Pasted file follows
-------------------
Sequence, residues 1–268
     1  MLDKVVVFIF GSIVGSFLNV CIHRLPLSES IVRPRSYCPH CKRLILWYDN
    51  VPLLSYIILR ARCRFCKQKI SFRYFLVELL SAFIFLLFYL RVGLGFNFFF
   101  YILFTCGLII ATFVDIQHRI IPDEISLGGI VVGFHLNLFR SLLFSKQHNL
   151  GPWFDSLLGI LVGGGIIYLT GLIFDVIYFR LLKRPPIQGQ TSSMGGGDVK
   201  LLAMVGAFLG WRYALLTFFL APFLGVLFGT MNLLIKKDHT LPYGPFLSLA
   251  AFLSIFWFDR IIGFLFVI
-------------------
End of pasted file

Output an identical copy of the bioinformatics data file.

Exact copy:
Sequence, residues 1–268
     1  MLDKVVVFIF GSIVGSFLNV CIHRLPLSES IVRPRSYCPH CKRLILWYDN
    51  VPLLSYIILR ARCRFCKQKI SFRYFLVELL SAFIFLLFYL RVGLGFNFFF
   101  YILFTCGLII ATFVDIQHRI IPDEISLGGI VVGFHLNLFR SLLFSKQHNL
   151  GPWFDSLLGI LVGGGIIYLT GLIFDVIYFR LLKRPPIQGQ TSSMGGGDVK
   201  LLAMVGAFLG WRYALLTFFL APFLGVLFGT MNLLIKKDHT LPYGPFLSLA
   251  AFLSIFWFDR IIGFLFVI